Their demands aren't surprising. What is surprising the fatuousness of the response from the organization they're working for:
In Baghdad, Greg Rollins, a Canadian member of Christian Peacemaker Teams, called the news disturbing.
"It's a bit of a shock," Rollins said in an interview minutes after hearing about the threat made against his colleagues.
Rollins, who had not yet seen the video footage, said he had hoped the kidnappers would respond to messages of support from Muslims and other Arabs for the group, which opposes the invasion of Iraq.
"Hopefully they will continue to read those things and get a positive idea of what we do here and who my teammates are."
And what have the Christian Peacemaker Teams been doing in Iraq? Running a Foster Parents Plan for terrorists!
After a year and a half of coordinated advocacy for Iraqis detained by U.S. and other occupying forces, Christian Peacemaker Teams (CPT) is ending its Adopt-a-Detainee Letter-Writing Campaign. CPT's Iraq project will, however, continue to monitor the situation of Iraqis captured by the Multinational Force in Iraq (MNF) and by the new Iraqi Forces.
The Adopt-a-Detainee Letter-Writing Campaign, beginning in March 2004, matched individual detainees with congregations, mosques, synagogues, and peace groups in North America and around the world. These groups wrote letters to U.S., Iraqi and other relevant officials on the detainees' behalf. The campaign grew out of CPT's investigation of and reporting on abuses within the U.S.-run detention system in Iraq during the fall of 2003. The Adopt-a-Detainee Letter-Writing Campaign included a total of twenty-seven detainees, nine of whom U.S. officials released during the campaign, ten of whom were still detained at last word, and seven of whom U.S. officials never confirmed as detained (i.e., the "disappeared.")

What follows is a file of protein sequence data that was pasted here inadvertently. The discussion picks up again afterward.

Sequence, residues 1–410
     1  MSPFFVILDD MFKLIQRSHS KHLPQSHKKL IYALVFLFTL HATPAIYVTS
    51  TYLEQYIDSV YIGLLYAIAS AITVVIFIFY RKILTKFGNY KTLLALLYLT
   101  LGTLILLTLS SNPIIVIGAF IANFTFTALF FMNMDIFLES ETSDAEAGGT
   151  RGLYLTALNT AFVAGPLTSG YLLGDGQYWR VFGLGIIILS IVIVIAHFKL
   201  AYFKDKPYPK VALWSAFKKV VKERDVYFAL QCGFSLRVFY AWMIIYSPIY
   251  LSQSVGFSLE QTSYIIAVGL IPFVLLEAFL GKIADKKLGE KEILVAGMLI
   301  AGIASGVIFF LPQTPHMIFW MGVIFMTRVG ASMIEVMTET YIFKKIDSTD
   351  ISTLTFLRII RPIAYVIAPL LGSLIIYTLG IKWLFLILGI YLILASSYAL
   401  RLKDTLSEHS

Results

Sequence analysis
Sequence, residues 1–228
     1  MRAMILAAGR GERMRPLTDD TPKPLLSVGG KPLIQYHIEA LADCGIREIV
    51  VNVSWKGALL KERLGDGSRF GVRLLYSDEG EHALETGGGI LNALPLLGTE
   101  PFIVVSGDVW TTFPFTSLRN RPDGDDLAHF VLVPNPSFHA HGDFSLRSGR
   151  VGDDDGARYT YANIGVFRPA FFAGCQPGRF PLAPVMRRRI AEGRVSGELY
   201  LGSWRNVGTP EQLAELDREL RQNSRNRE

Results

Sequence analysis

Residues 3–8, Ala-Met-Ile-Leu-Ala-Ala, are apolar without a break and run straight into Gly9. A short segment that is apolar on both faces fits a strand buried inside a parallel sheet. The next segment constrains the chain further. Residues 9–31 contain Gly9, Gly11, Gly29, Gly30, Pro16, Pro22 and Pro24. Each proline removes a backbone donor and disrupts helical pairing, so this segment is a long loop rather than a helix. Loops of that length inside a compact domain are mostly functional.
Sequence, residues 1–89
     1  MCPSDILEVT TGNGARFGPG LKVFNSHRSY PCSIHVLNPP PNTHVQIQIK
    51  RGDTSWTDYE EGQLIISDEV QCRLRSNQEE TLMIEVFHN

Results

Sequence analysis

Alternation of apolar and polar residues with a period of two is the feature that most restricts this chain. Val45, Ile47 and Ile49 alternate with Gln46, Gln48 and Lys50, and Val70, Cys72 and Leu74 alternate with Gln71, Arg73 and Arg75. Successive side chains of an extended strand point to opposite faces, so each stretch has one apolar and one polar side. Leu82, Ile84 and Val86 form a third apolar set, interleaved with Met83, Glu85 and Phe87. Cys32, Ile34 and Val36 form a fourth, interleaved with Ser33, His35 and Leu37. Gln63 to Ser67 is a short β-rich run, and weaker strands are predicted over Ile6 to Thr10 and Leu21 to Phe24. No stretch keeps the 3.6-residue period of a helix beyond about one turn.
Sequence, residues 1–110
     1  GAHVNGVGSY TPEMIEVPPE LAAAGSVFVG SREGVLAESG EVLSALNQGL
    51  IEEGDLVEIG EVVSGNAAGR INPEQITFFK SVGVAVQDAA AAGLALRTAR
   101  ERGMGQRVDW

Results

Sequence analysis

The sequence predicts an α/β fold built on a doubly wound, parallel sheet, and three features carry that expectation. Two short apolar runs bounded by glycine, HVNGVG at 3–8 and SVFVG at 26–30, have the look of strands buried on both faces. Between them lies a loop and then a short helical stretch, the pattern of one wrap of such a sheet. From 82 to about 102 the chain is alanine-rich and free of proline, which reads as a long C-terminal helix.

Since the transfer of sovereignty to the Iraqis in June 2004, CPT has experienced U.S. officials in Iraq becoming increasingly unresponsive to appeals for reform, both from team members on location in Iraq and from letter-writers abroad.
Perhaps the Iraqi government doesn't want a bunch of naive do-gooders sticking their noses in places where they don't belong? They know who they're dealing with, and what they're capable of. The Christian Peacemakers, until now, didn't. And they still don't.
The Christian Peacemakers' concern for the human rights of the detained insurgents and terrorists is touching, but it will not move their captors to release them, let alone beat their swords into ploughshares. Their abductors will complain about human rights abuses when it suits them, to win the support of Western public opinion and undermine the forces of liberation and freedom. But their mission remains unchanged: to slay the infidel where they find him, and destroy all his works, including such un-Islamic concepts as human rights.
Naive though the Christian Peacemakers may be, they are not entirely unconcerned for their own safety: a quick look at their website reveals that they prefer to "get in the way" where there are civilized nations' armies and police to get in their way if something goes wrong. They certainly were nowhere to be found when their services were most needed in Iraq, when Saddam Hussein was gassing Kurds and running dissidents through wood chippers.
All that's left for these men is to bear witness as true Christian martyrs. If they understand the concept of Christian marytrdom.
Source: National Post